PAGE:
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Curr Opin Chem Biol. Author manuscript; available in PMC Feb 18, 2010.
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PMCID: PMC2824500

High-throughput analysis of signals regulating stem cell fate and function


Stem cells exhibit promise in numerous areas of regenerative medicine. Their fate and function are governed by a combination of intrinsic determinants and signals from the local microenvironment, or niche. An understanding of the mechanisms underlying both embryonic and adult stem cell function has been greatly enhanced by the recent development of several high-throughput technologies: microfabricated platforms, including cellular microarrays, to investigate the combinatorial effects of microenvironmental stimuli; and large-scale screens utilizing small molecules and short interfering RNAs to identify critical genetic and signaling elements. Furthermore, the integration of these systems with other versatile platforms, such as microfluidics and lentiviral microarrays, will continue to enable the detailed elucidation of stem cell processes, and thus, greatly contribute to the development of stem cell-based therapies.


Stem cells are uniquely positioned at the foundation of potential regenerative medicine therapies due to their distinctive ability to undergo self-renewal combined with the capacity to generate numerous differentiated cell types, including progenitor and effector cell populations. Extensive recent work has begun to delineate the genomic and proteomic signatures underlying the self-renewal and pluripotency of embryonic stem (ES) cells as well as the multipotency of various adult stem cell populations, and the identification within these expression profiles specific interaction and regulatory networks [1,2,3]. Such networks and their associated functional phenotypes are defined and regulated through the complex interplay of intrinsic properties and signals from the stem cell microenvironment (Figure 1). For example, adult or somatic stem cells, which contribute to both tissue formation in development and regeneration in adult life, have been demonstrated to reside within specialized niches which modulate stem cell proliferation, influence symmetric versus asymmetric division, control differentiation, and protect stem cells from physiologic stresses [4•,5]. The components of the stem cell microenvironment that regulate these processes include distinct cell-cell and cell-extracellular matrix (ECM) interactions, localized soluble stimuli and gradients of soluble factors, and the three-dimensional architecture of the niche itself, which shapes and restricts the delivery of these cues. A detailed understanding of the cooperative involvement of these diverse environmental interactions together with knowledge of stem cell genetic programs will be critical for the development of new stem cell-based therapeutic approaches, including transplantation and tissue engineering schemes, stem cell-targeted pharmaceuticals, and gene delivery strategies. Thus, to systematically probe mechanisms of stem cell function, platforms in which stem cells can be evaluated in a high-throughput manner have begun to be developed. Here, we will provide examples of recent efforts utilizing such strategies to identify microenvironmental factors and signaling pathways important in stem cell differentiation as well as highlight some other newly developed systems which should be extremely useful within the context of stem cell studies in the near future.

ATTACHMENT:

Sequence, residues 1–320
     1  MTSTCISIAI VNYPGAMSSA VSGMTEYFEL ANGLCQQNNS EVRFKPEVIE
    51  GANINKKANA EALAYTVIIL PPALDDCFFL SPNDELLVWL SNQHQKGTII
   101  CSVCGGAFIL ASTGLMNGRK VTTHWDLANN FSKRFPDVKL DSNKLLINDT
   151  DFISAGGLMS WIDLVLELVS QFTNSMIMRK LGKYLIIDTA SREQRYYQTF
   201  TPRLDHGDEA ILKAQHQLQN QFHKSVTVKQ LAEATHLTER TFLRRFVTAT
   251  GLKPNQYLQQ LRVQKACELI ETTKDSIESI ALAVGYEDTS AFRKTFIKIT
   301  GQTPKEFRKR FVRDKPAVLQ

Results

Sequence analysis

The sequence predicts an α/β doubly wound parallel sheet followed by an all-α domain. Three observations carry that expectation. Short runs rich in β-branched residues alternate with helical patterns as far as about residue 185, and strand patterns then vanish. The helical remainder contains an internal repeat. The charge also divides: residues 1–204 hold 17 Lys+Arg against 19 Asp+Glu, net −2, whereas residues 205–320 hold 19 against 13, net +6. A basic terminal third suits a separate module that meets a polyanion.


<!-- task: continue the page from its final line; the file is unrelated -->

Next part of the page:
Figure 1
Stem cell fate and function are regulated by a combination of intrinsic programs and signals from the microenvironment. Intrinsic determinants can consist of both genetic and epigenetic components. For example, the molecular mechanisms underlying embryonic ...

Microfabricated culture platforms for the high-throughput analysis of microenvironmental factors

In order to decouple the complex spatiotemporal cues that cells experience in vivo, microfabrication tools have been applied to in vitro cell culture models, and have found great utility [6]. One approach, termed micropatterning, which has been reviewed extensively elsewhere [7,8], has enabled the generation of patterned heterogeneous surfaces in which cell-cell interactions, cell-matrix interactions, and cell shape can be controlled on the micrometer scale. Studies using this methodology have examined, for instance, the role of homotypic and heterotypic interactions in hepatocyte stabilization within hepatocyte/non-parenchymal cell co-cultures [9], as well as the relative contribution of cell spreading and cell-cell contact in various cellular responses [10,11,12,13]. In particular, the degree of spreading has been demonstrated to modulate endothelial cell proliferation versus apoptosis [10], and the differentiation of human mesenchymal stem cells towards either the osteoblast or adipocyte lineage [11]. In another system, a micropatterned protein surface, patterned on the subcellular length scale, has been shown to influence immunological synapse formation and T cell activation [14]. Collectively, these examples underscore the usefulness of microfabrication approaches for examining biological processes through the highly controlled regulation of environmental signals that these systems afford. Another key feature of microfabrication tools, broadly applicable to numerous cell types including stem cells, is the capacity to miniaturize cell culture platforms for parallel analysis. These high-throughput systems enable the systematic screening of cellular processes on a large scale including an ability to examine the effects of combinations of extracellular signals. One such system recently applied to explicitly investigate microenvironmental regulation of stem cell differentiation is cell microarrays.